Known for his landscapes rather than his seascapes, this new show charts the impression made on Constable during his stay in Brighton & Hove.
Until recent years, little was known about Brighton & Hove’s greatest art historical claim to fame. And so, many will be surprised by the revelations in the city museum’s new show.
Because, unless you take regular strolls to the beach down Sillwood Road, you might not notice the blue plaque affixed discreetly to one of the houses. It reveals that, between 1824 and 1828, the nation’s best-loved landscape painter was in residence, and the show aims to demonstrate that these were influential times.
Constable made several innovations while he was there, capturing the fleeting drama of the South Coast weather fronts, and taking systemic walks, sketchbook in hand, along the beach and out to Preston Park. The show will demonstrate that this 19th-century artist, known for his conservatism, was quite the radical when it came to his use of colour.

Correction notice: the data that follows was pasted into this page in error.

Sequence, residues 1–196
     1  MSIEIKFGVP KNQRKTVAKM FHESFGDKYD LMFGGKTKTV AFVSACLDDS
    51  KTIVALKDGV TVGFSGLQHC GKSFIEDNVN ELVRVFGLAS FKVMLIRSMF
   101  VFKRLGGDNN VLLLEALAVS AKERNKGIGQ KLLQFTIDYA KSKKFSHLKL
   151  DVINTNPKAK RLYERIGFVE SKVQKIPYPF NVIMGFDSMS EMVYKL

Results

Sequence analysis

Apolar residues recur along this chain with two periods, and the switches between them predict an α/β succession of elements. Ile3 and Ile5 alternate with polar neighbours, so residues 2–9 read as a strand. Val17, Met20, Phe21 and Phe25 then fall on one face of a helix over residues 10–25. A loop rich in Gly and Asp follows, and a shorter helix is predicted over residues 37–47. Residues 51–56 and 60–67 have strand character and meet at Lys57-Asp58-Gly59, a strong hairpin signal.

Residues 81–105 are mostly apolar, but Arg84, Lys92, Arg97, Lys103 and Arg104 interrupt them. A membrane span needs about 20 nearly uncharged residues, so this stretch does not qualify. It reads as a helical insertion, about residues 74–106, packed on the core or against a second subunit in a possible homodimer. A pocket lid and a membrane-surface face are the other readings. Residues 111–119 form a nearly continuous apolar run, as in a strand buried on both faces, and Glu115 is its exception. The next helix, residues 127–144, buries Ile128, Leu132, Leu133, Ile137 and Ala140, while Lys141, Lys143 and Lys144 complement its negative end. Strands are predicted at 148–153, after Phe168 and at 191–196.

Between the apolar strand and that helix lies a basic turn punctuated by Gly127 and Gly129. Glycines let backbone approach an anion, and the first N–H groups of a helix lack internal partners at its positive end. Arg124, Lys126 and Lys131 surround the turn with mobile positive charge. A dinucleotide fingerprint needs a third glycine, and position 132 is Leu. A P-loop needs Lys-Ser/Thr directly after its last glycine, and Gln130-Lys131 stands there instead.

By strange coincidence, Constable’s old address is now home to artist Peter Harrap, a curator of the current show. And Harrap has drawn connections between the old master and a number of modern and contemporary artists whose work also shows traces of his time in the city.
Collaborators Anne Lyle and Shan Lancaster have also brought important Constable paintings to the seaside town. Locals may regret that some of these ever left. But for a time, visitors from far and wide can enjoy images of the Chain Pier (which no longer stands), a rainstorm over the waves, and a typical Sussex windmill.
Brighton & Hove may have changed a great deal, but the appeal of Constable remains constant.